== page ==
The Durango SXT is the base model, but it’s far from basic, with three-zone temperature control, a full complement of power features and a decent stereo with standard satellite radio. The loaded Durango Citadel has everything you need and a lot more, including remote starter and ventilated seats. The sporty Durango R/T is bold, quick and genuinely fun to drive, despite its substantial size. Options are reasonably priced, and run the gamut from blind-spot warning to 500-watt Alpine audio to two grades of navigation.
The Durango has been rated a Top Safety Pick by the Insurance Institute for Highway Safety. All models come with a full complement of airbags, rollover sensing and electronic stability control with trailer sway control. Optional safety features include rear cross-path detection, a rearview camera, rear park sensors and active cruise control with forward-collision warning.
Durango competes in a crowded category against the GMC Acadia, Chevrolet Traverse, Buick Enclave, Ford Explorer, Toyota Highlander and 4Runner, Hyundai Santa Fe, Kia Sorento, Mazda CX-9, Nissan Pathfinder and Honda Pilot. Top-drawer Durango models could also compete with the Acura MDX and Volvo XC90, and it makes a compelling alternative to a Chevrolet Tahoe or GMC Yukon, Ford Expedition, or Toyota Sequoia.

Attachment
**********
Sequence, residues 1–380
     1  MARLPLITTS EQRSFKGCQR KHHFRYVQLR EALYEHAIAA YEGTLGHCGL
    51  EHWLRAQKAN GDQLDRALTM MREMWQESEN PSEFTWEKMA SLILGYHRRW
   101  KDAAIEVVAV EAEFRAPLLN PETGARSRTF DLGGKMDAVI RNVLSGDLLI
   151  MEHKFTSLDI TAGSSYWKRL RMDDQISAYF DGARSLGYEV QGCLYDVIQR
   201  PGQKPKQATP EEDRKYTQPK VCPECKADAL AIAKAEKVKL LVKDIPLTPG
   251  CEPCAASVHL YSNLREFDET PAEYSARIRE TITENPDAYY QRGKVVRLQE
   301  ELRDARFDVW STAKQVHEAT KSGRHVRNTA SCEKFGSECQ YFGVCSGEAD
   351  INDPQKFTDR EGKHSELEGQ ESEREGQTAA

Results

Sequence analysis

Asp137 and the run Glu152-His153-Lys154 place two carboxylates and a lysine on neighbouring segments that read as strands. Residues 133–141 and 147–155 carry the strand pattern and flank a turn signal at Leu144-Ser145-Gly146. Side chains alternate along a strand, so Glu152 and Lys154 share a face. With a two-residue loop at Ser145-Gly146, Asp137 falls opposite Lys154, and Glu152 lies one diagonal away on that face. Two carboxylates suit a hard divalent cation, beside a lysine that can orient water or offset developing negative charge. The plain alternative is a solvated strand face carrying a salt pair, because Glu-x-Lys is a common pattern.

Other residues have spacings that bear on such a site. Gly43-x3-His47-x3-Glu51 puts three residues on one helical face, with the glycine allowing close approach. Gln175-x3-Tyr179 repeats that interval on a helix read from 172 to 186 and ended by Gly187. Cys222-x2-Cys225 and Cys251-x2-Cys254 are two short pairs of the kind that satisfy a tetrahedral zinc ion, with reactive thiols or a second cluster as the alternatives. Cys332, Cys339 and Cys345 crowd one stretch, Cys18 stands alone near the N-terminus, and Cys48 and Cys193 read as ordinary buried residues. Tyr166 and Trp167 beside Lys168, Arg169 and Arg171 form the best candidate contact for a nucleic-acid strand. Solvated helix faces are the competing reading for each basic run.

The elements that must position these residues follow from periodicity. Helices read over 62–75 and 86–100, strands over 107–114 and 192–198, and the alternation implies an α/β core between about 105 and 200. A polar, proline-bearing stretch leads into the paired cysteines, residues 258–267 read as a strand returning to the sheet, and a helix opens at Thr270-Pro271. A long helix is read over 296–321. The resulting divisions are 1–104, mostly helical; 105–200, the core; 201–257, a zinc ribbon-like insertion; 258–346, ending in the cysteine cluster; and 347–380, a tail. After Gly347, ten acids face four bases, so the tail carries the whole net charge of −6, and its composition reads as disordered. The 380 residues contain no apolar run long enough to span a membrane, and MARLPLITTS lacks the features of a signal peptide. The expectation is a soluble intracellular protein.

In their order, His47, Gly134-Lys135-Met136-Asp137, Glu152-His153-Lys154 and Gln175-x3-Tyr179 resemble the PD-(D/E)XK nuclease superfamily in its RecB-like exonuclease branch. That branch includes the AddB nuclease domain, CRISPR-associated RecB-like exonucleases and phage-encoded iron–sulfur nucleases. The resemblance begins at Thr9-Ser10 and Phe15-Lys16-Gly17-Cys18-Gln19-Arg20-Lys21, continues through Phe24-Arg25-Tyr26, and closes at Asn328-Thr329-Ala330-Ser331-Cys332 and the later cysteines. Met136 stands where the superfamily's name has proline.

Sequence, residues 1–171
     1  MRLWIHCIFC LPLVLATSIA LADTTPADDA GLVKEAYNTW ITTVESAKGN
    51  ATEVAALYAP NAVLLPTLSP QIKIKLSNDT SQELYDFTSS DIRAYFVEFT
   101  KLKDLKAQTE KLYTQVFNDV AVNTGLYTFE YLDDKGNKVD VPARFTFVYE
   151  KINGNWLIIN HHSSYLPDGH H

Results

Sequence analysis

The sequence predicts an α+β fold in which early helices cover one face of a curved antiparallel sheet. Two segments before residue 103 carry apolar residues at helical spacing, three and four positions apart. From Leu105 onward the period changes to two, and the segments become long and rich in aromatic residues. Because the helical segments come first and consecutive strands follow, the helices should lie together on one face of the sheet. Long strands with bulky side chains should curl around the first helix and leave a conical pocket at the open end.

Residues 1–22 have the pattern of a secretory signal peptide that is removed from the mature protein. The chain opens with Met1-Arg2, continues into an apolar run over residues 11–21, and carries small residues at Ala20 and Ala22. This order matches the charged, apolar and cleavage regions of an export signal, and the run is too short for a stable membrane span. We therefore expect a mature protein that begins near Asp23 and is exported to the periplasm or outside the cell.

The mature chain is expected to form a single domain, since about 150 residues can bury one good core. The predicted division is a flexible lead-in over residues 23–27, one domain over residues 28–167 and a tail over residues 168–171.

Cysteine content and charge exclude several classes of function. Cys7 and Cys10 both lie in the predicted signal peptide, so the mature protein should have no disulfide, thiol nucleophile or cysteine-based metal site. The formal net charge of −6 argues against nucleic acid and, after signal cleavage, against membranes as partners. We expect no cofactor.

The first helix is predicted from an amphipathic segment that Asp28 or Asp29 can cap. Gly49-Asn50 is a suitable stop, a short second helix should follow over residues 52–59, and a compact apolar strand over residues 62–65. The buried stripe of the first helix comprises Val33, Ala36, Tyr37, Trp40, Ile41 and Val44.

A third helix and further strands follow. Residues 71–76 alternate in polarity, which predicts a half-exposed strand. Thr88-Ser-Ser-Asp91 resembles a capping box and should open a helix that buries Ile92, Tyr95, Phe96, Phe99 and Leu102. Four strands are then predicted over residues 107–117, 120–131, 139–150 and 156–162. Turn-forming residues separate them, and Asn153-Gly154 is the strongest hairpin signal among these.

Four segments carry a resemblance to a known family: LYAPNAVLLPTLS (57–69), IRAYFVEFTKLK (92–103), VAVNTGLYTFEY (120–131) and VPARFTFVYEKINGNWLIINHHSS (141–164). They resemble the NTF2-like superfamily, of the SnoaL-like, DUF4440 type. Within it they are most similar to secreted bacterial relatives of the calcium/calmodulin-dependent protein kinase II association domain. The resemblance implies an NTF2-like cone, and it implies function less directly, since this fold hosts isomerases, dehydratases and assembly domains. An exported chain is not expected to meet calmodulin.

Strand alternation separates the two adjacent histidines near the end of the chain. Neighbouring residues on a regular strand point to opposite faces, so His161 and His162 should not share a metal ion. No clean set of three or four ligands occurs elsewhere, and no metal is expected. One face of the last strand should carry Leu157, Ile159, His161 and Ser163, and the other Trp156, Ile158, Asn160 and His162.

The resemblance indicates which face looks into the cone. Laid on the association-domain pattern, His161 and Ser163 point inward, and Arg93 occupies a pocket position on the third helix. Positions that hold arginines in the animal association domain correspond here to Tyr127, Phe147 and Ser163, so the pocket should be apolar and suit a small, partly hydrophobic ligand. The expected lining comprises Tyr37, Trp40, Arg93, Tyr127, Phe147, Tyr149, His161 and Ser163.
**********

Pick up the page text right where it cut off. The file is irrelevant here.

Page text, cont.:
The Durango is a great vehicle for drivers who can legitimately take advantage of its strengths. But needs are important in the decision. Those who do no towing, never go off-highway or don’t need the V8 might consider the Dodge Grand Caravan, which has more people room and as much cargo space behind the second row as the Durango does behind the front seats. However, the Grand Caravan is not as nimble, not as fun to drive and not as work-oriented.
Model LineupDodge Durango SXT ($29,795); Durango Rallye ($32,990); Limited ($35,995); Durango R/T ($38,995); Durango Citadel ($40,995)
The Dodge Durango was completely redesigned for 2011 but 2014 puts new styling front and rear and new wheels on it to keep it contemporary.
By exterior dimensions, the Durango falls near the middle of the three-row sport-utilities and crossovers in its competitive set. At 201 inches long, on a 119.8-inch wheelbase, Durango is shorter than a Chevrolet Traverse, longer than Ford Explorer or Honda Pilot and about the same as a Mazda CX-9. But Durango has a longer wheelbase than any of them.